When a phone is available for under £5 on a pay as you go deal, its specs are as predictable as an episode of The A-Team. You can send texts, make calls, possibly listen to the radio, and that's about it. The 1661 is no exception, but, with Nokia's name on the front, you might also expect decent build quality. Prepare to be disappointed.
The Nokia 1661 can be yours for a mere £4.95 on a pay as you go deal, or £30 SIM-free. It's also available for free on an £8.49-per-month contract.
Built by Satan
Visually, the 1661 isn't exactly a masterpiece. It's not physically repulsive, but its plastic body looks cheap, and the crimson trim around the edge of the phone is far from classy. An attachment point for a lanyard sits on the upper right-hand corner of the phone. We advise against exploiting this feature -- it would be the mobile-phone equivalent of wearing your spectacles on a string around your neck.
While we can forgive the phone's appearance given its price, we can't say the same for its build quality. Most similarly-priced phones feel cheap, but the 1661 takes it to an unpleasant new level. If you squeeze it at any point, it will creak like a woodworm-infested rowboat in a typhoon. It'll withstand being repeatedly sat on, but it feels like a few tumbles down a staircase might prove fatal.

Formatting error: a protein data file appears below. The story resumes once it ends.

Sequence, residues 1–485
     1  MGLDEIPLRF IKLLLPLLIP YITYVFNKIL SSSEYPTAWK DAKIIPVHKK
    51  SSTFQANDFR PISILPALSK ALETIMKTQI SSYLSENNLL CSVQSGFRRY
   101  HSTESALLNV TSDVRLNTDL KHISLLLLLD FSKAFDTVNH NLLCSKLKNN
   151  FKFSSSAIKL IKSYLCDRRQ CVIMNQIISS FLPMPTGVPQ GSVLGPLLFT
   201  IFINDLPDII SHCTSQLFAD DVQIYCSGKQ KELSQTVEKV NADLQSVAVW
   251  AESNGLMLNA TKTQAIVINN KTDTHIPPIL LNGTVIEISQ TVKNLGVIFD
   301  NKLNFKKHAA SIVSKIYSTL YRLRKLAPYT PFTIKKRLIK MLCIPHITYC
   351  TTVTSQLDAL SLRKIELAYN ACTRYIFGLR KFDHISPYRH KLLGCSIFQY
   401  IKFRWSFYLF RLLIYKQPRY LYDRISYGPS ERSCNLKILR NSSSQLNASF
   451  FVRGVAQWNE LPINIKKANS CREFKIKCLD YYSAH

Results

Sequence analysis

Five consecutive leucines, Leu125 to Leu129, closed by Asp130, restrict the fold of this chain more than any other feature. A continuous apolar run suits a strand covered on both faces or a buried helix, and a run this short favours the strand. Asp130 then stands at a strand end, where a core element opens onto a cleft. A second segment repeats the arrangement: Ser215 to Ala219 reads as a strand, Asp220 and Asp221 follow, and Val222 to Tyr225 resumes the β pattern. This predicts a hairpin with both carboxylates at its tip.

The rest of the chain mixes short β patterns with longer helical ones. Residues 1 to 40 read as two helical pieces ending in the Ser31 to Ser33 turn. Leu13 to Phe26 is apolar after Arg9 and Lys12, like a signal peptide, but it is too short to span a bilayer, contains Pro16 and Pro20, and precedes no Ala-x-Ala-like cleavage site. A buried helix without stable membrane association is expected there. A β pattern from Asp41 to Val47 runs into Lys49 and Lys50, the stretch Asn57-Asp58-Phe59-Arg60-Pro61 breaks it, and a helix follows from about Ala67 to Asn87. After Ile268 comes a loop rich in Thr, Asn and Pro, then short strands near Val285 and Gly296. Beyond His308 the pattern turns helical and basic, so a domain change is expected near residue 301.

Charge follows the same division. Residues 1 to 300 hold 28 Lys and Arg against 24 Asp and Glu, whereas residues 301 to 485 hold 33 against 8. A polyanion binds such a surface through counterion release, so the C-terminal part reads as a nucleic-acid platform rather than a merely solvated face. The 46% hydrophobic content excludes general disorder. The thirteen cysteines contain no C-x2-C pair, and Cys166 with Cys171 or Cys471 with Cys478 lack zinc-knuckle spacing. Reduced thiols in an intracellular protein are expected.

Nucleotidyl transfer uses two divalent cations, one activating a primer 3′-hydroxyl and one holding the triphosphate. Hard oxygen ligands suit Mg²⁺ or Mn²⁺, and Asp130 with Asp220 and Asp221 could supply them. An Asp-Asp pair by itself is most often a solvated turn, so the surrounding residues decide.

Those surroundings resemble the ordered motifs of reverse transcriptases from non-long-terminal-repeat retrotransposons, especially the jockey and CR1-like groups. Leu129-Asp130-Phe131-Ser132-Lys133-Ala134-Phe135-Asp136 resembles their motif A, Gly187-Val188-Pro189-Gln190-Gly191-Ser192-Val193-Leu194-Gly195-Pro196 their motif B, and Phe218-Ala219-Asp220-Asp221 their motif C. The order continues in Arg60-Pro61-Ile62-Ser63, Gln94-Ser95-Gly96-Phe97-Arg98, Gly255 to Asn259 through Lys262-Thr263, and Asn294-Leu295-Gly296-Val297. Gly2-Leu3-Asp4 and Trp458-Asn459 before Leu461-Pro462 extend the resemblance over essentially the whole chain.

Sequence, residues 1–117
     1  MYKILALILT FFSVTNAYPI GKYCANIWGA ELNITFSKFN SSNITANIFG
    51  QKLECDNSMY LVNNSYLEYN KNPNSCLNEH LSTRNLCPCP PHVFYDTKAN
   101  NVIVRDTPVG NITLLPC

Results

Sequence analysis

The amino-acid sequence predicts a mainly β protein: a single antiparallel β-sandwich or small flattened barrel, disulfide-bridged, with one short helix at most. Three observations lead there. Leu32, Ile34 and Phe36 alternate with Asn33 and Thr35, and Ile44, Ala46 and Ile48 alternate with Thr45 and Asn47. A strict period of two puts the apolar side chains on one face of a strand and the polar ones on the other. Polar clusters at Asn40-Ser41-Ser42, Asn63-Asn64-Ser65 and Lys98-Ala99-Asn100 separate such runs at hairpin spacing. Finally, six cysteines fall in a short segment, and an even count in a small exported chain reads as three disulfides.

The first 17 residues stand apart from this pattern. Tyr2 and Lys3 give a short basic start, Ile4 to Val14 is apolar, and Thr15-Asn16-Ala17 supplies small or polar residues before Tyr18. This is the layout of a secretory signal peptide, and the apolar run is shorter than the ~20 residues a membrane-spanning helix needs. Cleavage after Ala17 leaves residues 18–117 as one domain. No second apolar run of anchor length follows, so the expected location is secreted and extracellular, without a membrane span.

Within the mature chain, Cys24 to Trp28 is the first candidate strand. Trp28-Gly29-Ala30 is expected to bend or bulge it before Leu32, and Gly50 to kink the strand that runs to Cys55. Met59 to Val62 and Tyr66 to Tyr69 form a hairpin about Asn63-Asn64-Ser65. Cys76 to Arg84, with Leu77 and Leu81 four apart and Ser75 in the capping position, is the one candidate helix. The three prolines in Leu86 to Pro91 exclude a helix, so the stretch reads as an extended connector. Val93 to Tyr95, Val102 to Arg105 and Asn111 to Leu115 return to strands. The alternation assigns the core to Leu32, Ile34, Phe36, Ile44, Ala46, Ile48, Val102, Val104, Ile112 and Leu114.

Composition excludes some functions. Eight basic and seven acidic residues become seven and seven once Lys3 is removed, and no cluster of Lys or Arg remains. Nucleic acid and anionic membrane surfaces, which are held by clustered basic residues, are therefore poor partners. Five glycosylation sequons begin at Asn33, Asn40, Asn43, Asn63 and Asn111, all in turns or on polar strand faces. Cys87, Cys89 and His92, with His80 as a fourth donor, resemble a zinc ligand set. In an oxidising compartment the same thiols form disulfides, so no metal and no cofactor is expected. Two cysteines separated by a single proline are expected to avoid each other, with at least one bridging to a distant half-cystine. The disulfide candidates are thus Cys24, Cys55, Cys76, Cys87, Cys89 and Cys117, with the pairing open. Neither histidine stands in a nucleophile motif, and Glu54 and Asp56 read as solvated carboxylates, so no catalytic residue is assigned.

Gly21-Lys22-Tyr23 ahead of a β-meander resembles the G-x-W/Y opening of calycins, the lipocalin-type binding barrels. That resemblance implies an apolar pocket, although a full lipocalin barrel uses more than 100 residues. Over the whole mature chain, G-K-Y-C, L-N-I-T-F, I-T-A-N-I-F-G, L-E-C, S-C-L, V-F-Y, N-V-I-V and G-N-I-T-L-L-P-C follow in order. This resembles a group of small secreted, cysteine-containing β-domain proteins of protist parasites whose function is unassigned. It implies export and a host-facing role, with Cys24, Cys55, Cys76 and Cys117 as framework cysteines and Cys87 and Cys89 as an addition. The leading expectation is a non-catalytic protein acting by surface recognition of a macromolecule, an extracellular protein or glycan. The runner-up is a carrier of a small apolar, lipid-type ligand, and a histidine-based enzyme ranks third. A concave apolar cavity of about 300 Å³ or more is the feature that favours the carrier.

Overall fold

A particularly fiery pit in mobile-phone hell must be reserved for the keypad, which is among the worst we've ever come across. It's bad enough that the buttons noticeably sink into the centre of the handset when pressed, but it's unforgivable that you can actually slide your thumbnail under the call-answer and call-end buttons.
Placed near the charging port on the side of the phone, a 2.5mm audio jack will let you listen to the radio through the bundled headphones. The audio quality isn't great, but it's good enough for the price.
There's also a torch on the top of the phone, which is sufficiently bright to enable you to avoid stepping on a plug in a dark room.
Blast from the past
The 1661's shoddy build quality is a particular shame since the remaining aspects of the phone aren't bad. Its basic but functional interface will be immediately familiar to anyone who's used a mid-range Nokia handset in the past, and it offers some handy features too. For example, one of the buttons on the front of the phone provides quick access to a customisable list of shortcuts, so you don't have to trawl through the interface to access features like the alarm clock or flashlight.
The 1661 also handles the phone essentials fairly well. Its call quality is decent enough, and you can expect to get around a week's use out of it before it needs recharging. Texting will never be a joy on a handset with such a lamentable keypad, but it can be done pretty quickly, thanks to a decent predictive-text system.